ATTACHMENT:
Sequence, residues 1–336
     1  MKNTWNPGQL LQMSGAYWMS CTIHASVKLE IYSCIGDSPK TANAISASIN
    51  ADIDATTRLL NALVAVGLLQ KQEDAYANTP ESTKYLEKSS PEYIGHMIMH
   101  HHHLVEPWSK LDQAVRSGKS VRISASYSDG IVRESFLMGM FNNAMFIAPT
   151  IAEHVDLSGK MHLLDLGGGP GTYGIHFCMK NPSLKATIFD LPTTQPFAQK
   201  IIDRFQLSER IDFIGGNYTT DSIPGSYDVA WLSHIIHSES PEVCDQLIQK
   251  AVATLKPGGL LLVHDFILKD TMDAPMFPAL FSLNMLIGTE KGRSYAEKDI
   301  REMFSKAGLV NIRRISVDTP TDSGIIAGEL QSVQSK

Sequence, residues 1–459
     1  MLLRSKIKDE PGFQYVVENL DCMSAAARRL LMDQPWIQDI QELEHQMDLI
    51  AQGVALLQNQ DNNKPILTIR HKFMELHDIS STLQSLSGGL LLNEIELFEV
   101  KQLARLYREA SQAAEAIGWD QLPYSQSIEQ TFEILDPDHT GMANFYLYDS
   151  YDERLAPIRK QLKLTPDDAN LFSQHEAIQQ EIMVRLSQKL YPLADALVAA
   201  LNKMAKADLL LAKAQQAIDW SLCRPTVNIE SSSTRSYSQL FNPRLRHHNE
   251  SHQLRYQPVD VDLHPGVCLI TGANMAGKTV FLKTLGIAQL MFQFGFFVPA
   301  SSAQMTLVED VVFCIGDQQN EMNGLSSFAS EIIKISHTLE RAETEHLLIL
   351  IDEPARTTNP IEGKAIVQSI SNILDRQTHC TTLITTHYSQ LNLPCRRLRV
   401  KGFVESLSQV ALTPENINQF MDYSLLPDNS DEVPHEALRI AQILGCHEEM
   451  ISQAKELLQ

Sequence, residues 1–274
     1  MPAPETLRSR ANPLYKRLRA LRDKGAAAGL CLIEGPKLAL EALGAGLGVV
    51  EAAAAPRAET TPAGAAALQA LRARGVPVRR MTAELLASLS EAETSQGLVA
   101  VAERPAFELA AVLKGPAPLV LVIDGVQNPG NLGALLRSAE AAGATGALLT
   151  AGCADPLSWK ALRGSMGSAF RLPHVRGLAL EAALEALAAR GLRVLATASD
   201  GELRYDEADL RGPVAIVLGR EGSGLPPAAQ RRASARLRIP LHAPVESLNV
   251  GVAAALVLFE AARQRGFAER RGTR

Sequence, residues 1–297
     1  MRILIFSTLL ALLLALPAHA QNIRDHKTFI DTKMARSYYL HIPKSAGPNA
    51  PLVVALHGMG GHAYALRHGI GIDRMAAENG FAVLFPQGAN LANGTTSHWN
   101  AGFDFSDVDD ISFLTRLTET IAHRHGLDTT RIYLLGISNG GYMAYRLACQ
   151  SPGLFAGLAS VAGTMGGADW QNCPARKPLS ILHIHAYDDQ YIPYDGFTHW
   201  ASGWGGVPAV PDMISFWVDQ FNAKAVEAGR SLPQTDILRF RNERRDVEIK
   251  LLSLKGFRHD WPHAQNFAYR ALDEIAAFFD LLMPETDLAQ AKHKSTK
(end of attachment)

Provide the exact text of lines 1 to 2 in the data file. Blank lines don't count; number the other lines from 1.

Sequence, residues 1–336
     1  MKNTWNPGQL LQMSGAYWMS CTIHASVKLE IYSCIGDSPK TANAISASIN